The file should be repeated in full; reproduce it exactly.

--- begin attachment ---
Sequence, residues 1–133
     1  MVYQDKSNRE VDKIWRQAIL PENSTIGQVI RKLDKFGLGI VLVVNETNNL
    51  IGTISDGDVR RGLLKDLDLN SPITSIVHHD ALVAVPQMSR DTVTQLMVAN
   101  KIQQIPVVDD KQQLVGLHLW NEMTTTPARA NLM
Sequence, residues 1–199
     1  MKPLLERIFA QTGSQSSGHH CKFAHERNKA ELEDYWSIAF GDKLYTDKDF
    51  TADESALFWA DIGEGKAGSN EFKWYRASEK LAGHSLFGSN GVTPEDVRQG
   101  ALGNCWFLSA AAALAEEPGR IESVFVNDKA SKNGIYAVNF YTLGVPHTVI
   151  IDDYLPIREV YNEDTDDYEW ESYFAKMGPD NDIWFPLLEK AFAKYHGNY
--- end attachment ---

Sequence, residues 1–133
     1  MVYQDKSNRE VDKIWRQAIL PENSTIGQVI RKLDKFGLGI VLVVNETNNL
    51  IGTISDGDVR RGLLKDLDLN SPITSIVHHD ALVAVPQMSR DTVTQLMVAN
   101  KIQQIPVVDD KQQLVGLHLW NEMTTTPARA NLM
Sequence, residues 1–199
     1  MKPLLERIFA QTGSQSSGHH CKFAHERNKA ELEDYWSIAF GDKLYTDKDF
    51  TADESALFWA DIGEGKAGSN EFKWYRASEK LAGHSLFGSN GVTPEDVRQG
   101  ALGNCWFLSA AAALAEEPGR IESVFVNDKA SKNGIYAVNF YTLGVPHTVI
   151  IDDYLPIREV YNEDTDDYEW ESYFAKMGPD NDIWFPLLEK AFAKYHGNY